bannergifinrootfolder

 

 

<

For Immediate Release:
October 30, 1997

 

Contact:
Frank Conte, Communications
617-573-8050; 8750
fconte@beaconhill.org

BHI State of the Household Survey
Fall 1997

New poll shows overwhelming support for income tax cut

Boston, October 30 - A new statewide poll conducted by the Beacon Hill Institute shows that Massachusetts residents favor a proposed reduction in the state income tax by more than a 4-to-1 margin. The state currently taxes earned income and certain unearned income at 5.95%. The Beacon Hill Institute at Suffolk University asked 590 Massachusetts residents if they would support a plan to cut the tax rate from 5.95% to 5.00%. Seventy-eight percent (78%) of those surveyed said "yes." Seventeen percent (17%) said "no."

Governor Paul Cellucci has offered the Massachusetts legialature a proposal that would phase in the tax cut over three years. A citizens group is currently circulating an initiative petition that would put a similar proposal on the 1998 ballot.

"Massachusetts lawmakers have, for various reasons, put Governor Cellucci's proposal on hold," said BHI Executive Director David G. Tuerck. "But our poll suggests that Massachusetts residents favor his proposal by a very wide margin."

Some lawmakers have argued against the tax cut on the grounds that an economic downturn could cause a slowdown in revenue growth. In upgrading the state's bond rating, Standard & Poors similarly cautioned this week against inviting a fiscal crisis reminiscent of the state's experience of the late 1980s.

Q: The state legislature is considering a proposal to cut the state income tax rate from 5.95 percent to 5 percent. People in favor of this say giving the money to the taxpayers will stimulate the state's economy. People opposed say that the state may need the money in the future when times are not so good. Do you favor or oppose cutting the state income tax rate from 5.95 percent to 5 percent?*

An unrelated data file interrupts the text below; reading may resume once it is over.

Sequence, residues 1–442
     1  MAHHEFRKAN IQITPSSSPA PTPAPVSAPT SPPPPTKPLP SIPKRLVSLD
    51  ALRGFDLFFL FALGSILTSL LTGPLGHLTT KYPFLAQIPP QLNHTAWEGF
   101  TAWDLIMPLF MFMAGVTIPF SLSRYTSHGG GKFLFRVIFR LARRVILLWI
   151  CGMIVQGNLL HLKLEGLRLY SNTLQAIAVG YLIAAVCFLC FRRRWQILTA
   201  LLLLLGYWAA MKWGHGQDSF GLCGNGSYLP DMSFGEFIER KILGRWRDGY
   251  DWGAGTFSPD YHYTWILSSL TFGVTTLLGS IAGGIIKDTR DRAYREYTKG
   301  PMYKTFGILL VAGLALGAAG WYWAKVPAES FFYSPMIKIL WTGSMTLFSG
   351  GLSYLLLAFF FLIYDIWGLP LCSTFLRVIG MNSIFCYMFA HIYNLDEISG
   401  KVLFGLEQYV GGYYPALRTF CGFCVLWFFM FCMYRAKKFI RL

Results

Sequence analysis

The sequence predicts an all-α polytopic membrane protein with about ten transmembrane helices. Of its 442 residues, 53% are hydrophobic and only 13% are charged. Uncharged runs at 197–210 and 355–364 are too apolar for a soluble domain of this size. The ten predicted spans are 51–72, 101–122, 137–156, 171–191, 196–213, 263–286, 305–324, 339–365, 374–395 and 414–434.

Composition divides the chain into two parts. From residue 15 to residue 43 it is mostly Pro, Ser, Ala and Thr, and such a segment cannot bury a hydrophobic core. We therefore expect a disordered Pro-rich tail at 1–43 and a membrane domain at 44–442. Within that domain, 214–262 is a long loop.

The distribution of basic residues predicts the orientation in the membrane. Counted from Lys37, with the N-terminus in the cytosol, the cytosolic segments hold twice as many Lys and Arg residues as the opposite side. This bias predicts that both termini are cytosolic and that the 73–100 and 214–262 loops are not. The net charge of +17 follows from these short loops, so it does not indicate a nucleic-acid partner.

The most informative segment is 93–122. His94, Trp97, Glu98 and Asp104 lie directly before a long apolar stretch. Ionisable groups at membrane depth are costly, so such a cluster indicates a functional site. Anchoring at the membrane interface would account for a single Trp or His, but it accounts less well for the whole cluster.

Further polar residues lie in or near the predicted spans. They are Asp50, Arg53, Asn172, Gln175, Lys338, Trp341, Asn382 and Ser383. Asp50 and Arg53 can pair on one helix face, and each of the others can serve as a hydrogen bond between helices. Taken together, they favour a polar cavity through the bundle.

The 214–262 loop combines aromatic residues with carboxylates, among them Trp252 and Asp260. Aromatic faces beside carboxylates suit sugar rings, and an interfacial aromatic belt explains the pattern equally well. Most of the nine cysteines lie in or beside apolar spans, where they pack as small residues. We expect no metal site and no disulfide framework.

PollDEMOChart_quest1taxcut
1997 Beacon Hill Institute, All Rights Reserved.

"It appears," said Tuerck, "that Massachusetts voters are less persuaded by arguments such as these than they are by evidence that the proposed tax cut would exert a powerful stimulus to the economy." A BHI study released in September showed that the tax cut would add 105,000 new jobs, increase payrolls by almost $5 billion and increase capital spending by $21 billion.

The poll showed strong support for the tax cut across all demographic and political groups. The poll was conducted October 4-8, 1997 and has a margin of error of plus or minus 4%.

The Beacon Hill Institute at Suffolk University in Boston applies state-of-the-art economic methods to the analysis of current public policy issues.

*This survey was conducted for the Beacon Hill Institute under the supervision of Dr. John Blydenburgh and with the assistance of Commonwealth Consulting.

Format revision on 04-Mar-2005 10:22 AM

 

©2000-2005 Beacon Hill Institute for Public Policy Research at Suffolk University, All Rights Reserved

 

 

footer